“DOC NYC” November 2 – 10

Director Werner Herzog's new film "Into the Abyss" will open "DOC NYC"

From November 2 – 10, “DOC NYC,” a documentary film festival, returns to Greenwich Village for its second year.  Judging from the festival’s films, that I have been able to preview so far, this is an event not to be missed.

In my experience, when attending a film festival, the best bet is to stick with the documentaries.  While the narrative films can be uneven, the documentaries are almost always exceptional.  Therefore, an opportunity to attend a film festival made up entirely of documentaries…need I say more, especially when it is in our own backyard? 

The very ambitious “DOC NYC” festival will feature over 125 filmmakers premiering their work in three different venues.  One of the festival’s many highlights will be director Werner Herzog, in person, for the opening night premiere of his new documentary “Into the Abyss,” a chilling and compelling look into the human soul as it regards the death penalty.  The film consists of interviews in which Herzog speaks with those whose lives have been affected by the death penalty, including Mark Perry, a Texas death row inmate convicted of a triple homicide whose date of execution is set for eight days after the interview.  Herzog also speaks with a family member of two of Perry’s murder victims, a reverend who attends to death row inmates and a former warden who has presided over many executions.

At the other end of the spectrum the festival is also presenting “The Chair,” documentary pioneer Richard Leacock’s 1962 documentary, also  about the death penalty.  “The Chair” is being shown as part of a festival retrospective of Leacock’s work.  Leacock died this past March, just shy of 90.

It is fascinating to see the works of two filmmakers, Herzog and Leacock, that address the same issue nearly 50 years apart.  Although the two documentaries look at very different aspects of the death penalty, both films boil down to the same basic question with which our society still grapples – Is it right for the state to execute someone?

Leacock follows the efforts of two lawyers, Don Moore and Louis Nizer, who are appealing for clemency in the case of Chicago death row inmate Paul Crump.  They want the governor to commute Crump’s sentence to life in prison.  Their argument revolves around the fact that Crump has reformed while in jail.  They reason that while Crump has pulled himself up by his moral boot straps, it is time to see if the state will do the same.

I enjoyed observing the differences in directorial styles and technical qualities between “Into the Abyss” and “The Chair.”  Herzog clearly has had access to modern, state of the art high definition equipment and a competent crew, as well he should.  Herzog’s interviews are all properly lit with his camera locked down on a tripod for a rock steady picture.  His subjects wear wireless microphones to pick up the best sound possible.  The set up works well as Herzog is dealing with an issue after it has occurred.  In contrast, Leacock, shot in an on location, “as it happened,” hand held camera style on grainy 16mm black and white film, no doubt with a sound recordist keeping up as best as he could.  As in the case of Herzog, Leacock too was shooting with state of the art portable equipment, for his time.  We see Crump’s lawyers meeting to discuss strategy and we witness the hearing itself, to give two examples.  In the process Leacock captured the environment and the context in which the story occurred, creating a visual time capsule of 1960s Chicago – everything from the way people dressed, and smoked everywhere, to attitudes – in the process.  While both films are certainly worth seeing, I found the nostalgia (I love that old, grainy 16mm black and white look) emotion and action of “The Chair” to be very compelling.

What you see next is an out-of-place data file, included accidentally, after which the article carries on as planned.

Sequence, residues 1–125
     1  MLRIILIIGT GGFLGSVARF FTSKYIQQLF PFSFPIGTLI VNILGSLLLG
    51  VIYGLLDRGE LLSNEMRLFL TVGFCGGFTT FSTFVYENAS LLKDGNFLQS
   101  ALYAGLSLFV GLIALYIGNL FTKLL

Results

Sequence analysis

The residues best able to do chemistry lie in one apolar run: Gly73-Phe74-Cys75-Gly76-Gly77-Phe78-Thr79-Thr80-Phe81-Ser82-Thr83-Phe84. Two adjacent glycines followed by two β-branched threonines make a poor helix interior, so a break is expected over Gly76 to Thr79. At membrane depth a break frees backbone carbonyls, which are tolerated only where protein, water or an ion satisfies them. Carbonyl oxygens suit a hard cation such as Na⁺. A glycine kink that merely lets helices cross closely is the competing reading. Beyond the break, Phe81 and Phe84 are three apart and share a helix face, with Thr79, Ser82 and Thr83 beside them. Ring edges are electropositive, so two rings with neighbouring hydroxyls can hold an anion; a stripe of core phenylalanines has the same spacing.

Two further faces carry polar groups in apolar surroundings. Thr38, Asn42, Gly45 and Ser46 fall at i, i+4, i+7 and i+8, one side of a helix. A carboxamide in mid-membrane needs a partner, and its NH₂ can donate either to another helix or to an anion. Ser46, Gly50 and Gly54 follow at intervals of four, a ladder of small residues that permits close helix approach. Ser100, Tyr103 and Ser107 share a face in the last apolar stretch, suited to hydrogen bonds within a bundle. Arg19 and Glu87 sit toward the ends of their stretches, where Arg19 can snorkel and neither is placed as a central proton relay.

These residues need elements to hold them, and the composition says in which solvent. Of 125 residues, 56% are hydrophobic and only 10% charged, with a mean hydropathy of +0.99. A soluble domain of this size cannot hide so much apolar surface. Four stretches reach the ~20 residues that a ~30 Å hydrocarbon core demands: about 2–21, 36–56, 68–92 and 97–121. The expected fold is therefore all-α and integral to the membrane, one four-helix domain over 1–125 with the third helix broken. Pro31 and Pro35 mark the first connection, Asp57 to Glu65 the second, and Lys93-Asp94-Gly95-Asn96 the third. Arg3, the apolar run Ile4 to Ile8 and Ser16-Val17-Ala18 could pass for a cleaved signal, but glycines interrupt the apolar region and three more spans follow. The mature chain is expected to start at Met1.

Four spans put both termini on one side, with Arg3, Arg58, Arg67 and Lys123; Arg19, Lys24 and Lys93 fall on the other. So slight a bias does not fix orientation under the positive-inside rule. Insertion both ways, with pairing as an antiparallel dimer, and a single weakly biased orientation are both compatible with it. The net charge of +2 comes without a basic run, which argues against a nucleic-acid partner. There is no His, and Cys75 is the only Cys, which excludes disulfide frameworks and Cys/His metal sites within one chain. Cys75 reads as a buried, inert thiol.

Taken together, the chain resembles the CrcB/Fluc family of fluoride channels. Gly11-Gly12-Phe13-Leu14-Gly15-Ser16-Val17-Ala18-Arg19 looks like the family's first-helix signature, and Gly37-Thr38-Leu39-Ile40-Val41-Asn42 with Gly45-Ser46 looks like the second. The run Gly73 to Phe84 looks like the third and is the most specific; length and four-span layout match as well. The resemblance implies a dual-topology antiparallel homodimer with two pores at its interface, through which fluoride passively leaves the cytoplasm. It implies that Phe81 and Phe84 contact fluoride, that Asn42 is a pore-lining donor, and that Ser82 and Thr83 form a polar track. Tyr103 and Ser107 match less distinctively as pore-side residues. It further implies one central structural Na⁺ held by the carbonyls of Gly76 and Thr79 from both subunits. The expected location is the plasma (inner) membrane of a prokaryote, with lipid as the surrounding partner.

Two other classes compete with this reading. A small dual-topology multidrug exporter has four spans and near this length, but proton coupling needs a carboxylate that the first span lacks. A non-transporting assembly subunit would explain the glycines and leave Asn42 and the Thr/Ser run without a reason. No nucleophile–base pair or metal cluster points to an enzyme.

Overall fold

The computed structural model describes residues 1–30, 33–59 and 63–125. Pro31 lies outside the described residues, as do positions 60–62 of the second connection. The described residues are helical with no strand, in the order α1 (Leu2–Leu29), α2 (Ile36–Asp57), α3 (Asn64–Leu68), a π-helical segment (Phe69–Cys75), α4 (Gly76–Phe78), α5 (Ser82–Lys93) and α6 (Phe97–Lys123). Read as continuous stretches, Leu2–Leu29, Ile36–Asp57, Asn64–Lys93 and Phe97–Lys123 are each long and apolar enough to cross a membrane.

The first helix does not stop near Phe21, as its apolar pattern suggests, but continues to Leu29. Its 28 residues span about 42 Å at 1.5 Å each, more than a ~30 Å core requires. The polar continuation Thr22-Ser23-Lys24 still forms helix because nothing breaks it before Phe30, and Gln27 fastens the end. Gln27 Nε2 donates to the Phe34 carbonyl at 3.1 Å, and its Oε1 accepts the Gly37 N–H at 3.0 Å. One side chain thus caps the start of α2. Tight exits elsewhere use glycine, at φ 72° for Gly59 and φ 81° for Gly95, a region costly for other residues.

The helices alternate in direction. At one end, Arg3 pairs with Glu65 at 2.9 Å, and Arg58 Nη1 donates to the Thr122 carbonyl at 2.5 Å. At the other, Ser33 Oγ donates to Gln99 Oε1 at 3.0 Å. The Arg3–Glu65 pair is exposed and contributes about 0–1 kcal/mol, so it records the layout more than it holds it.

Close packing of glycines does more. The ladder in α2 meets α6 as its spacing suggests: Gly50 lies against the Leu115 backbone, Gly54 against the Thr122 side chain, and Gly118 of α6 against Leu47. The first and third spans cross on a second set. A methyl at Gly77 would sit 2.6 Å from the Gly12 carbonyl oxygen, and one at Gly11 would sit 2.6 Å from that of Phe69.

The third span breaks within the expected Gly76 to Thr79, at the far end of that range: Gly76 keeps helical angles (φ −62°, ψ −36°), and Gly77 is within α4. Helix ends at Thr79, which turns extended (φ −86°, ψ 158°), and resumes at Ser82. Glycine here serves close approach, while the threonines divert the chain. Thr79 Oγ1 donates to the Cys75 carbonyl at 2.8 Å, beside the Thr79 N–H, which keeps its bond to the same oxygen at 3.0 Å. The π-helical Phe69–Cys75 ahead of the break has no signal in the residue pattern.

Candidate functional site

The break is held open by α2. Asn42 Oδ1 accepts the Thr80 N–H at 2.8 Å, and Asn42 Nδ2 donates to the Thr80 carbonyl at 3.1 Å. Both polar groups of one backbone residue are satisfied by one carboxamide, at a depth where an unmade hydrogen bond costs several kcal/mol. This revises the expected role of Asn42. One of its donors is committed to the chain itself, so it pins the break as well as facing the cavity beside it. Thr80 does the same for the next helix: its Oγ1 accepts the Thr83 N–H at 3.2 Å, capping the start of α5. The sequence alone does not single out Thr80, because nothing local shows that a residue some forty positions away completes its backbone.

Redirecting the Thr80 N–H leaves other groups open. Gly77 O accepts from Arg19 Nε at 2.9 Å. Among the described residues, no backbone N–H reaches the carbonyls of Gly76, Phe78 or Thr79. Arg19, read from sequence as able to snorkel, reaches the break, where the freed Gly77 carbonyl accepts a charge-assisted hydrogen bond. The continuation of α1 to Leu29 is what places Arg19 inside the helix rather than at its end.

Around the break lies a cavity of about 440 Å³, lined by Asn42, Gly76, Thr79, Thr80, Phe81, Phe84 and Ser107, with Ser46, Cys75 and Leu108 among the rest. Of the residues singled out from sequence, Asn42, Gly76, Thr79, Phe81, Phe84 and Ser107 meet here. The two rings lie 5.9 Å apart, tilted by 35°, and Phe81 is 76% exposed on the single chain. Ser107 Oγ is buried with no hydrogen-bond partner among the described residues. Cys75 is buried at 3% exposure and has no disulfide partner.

“Into the Abyss” will be shown on November 2, at 7:30, at NYU Skirball Center.  “The Chair” will be shown, with Leacock’s “The Children Were Watching,” at IFC Center on November 4 at 4:00.

The screening venues for “DOC NYC” are IFC Center (323 Sixth Avenue), NYU – Kimmel Center (60 Washington Square South) and NYU – Skirball Center for the Performing Arts (566 Laguardia Place).  Visit DOCNYC.net for more information.


About unpaidfilmcritic

Up until 2009 Seth Shire spent nearly two decades in the New York film industry as a post production supervisor of feature films. Highlights include working on the films of Martin Scorsese, James Toback and Spike Lee. Since leaving the film industry Seth has expanded into new and varied areas where he has found a great deal of satisfaction. Seth currently teaches in the Sociology Department of CUNY Queens College. His courses include "Mass Media and Popular Culture," "Introduction to Sociology," and "Sociology of Cinema" where he is a very popular teacher. Seth is also the film critic for "Town & Village," a Manhattan weekly newspaper, a position he has held for the past six years. Seth gives back to his community through volunteer teaching at Manhattan's "The Caring Community," a center for senior citizens, where he teaches a very popular course on documentaries called "The Golden Age of the Documentary. In the fall of 2010 Seth taught "Critical Reading and Writing" at Parsons School of Design. He has also taught "Cinema Studies" at the New York Film Academy. Seth lives in Stuyvesant Town, in Manhattan.

Posted on October 25, 2011, in DOC NYC 2011, Documentary, Feature Articles and tagged , , , , , , , , , , , , . Bookmark the permalink. Leave a comment.

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